Biased Thinking in the “Energy Efficiency Gap”

Blog Post | July 09, 2012 - 1:15 pm
By Steven Nadel , Executive Director

UPDATE: A revised and updated version of this blog entry can be found here. This ACEEE paper was written to comment on a January, 2012 paper that Allcott and Greenstone published in the Journal of Economic Perspectives. Allcott and Greenstone have since revised their paper to respond to some of our criticisms. The new version of Allcot and Greenstone’s paper can be found at: ACEEE has updated our paper to comment on this new version. Click here for the updated paper.

“Is There an Energy Efficiency Gap?” is the title of a recent article by Hunt Allcott and Michael Greenstone published in the Journal of Economic Perspectives. In the article, Allcott and Greenstone examine energy efficiency and specifically “whether there are investment inefficiencies that a policy would correct.” They conclude that “the available evidence from empirical analyses of weatherization, demand-side management programs, automobile and appliance markets, the “landlord–tenant” agency problem, and information elicitation suggests that while investment inefficiencies do appear in various settings, the actual magnitude of the Energy Efficiency Gap is small relative to the assessments from engineering analyses.”

ACEEE has just released a white paper examining their arguments. We find that while the authors have a few useful insights, in general they selectively mine available data to make their points, ignoring other important findings in the various articles they cite.

To provide just one example, Allcott and Greenstone argue that minimum energy efficiency standards are an expensive way to address energy use externalities. They cite an analysis by Alan J. Krupnick and co-authors that examines the Waxman-Markey cap-and-trade bill. Allcott and Greenstone state that this study finds that “[t]he cap-and-trade, or an equivalent carbon tax, abates carbon dioxide at a welfare cost of $12 per ton. If there are no investment inefficiencies, the energy efficiency standards [in Waxman-Markey] are five times more costly, or $60 per ton.” What they don’t say is that Krupnick looks at two different discount rates to evaluate standards—20% real (the values Allcott and Greenstone cite, labeled “no market failure” by Krupnick) and 5% real. At the 5% discount rate, Krupnick finds that appliance standards have a cost of only $7 per ton, substantially less than the cap-and-trade program. What makes this omission particularly misleading is that the efficiency standards are designed precisely to address investment inefficiencies. Hence the authors are citing a case (20% discount rate) that is of only academic interest while ignoring the policy-relevant case.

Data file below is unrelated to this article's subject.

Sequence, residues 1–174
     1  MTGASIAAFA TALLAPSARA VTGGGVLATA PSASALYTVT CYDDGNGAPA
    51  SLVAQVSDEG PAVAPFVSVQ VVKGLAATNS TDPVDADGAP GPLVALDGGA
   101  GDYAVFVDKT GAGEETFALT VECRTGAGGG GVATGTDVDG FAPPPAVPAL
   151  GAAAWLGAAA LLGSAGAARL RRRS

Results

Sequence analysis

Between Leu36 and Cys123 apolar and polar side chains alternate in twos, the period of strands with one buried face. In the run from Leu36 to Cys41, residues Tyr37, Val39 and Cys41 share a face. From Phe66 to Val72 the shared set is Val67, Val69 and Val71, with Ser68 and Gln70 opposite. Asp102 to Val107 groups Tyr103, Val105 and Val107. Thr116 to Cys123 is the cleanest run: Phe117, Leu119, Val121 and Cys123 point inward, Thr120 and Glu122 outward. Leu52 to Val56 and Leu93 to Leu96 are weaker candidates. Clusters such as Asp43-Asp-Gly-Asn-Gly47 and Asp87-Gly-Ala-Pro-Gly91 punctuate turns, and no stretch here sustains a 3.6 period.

In much of the other research they cite, they emphasize results using high discount rates and do not even mention lower discount rate scenarios from the same articles. Likewise, they tell only part of the story when they say that landlords paying for investments and tenants paying for energy  do not cause a big barrier to efficiency investments, citing a study that insulation levels in multifamily rental homes in California are only slightly lower than single-family homes. What they don’t say is that California has a building code that requires all new homes to have high levels of insulation.

In the case of vehicle fuel efficiency, Allcott and Greenstone assert that existing and proposed CAFE standards appear to be overly stringent without reference to recent, dramatic advances in gasoline vehicle technologies. Nor do they mention that the standards now vary with vehicle size, which is relevant to concerns about consumer choice and potential loss of utility. They also ignore investment inefficiencies on the manufacturer end, though these help to explain why fuel economy standards are so useful.

Allcott and Greenstone do have some useful points to make. For example, they argue that consumers are heterogeneous and that policies should be tailored to address this. For example, they argue that appliance standards for heating and cooling equipment should be different in Chicago than in Los Angeles. We tend to agree—for example, we successfully advocated that the latest standards for furnaces and central air conditioners vary between the North and South. However, customizing policies also has costs, and a balance needs to be found between ease and cost of implementation and addressing heterogeneity.

Finally, Allcott and Greenstone argue that additional rigorous empirical work is needed—utilizing randomized controlled trials and quasi-experimental techniques. In fact, Allcott and Greenstone (together and separately) now have two such projects underway. We agree that further study would be useful. We can only hope that these studies are less biased than the Allcott and Greenstone paper examined in our new white paper.

Therese Langer contributed to this blog post.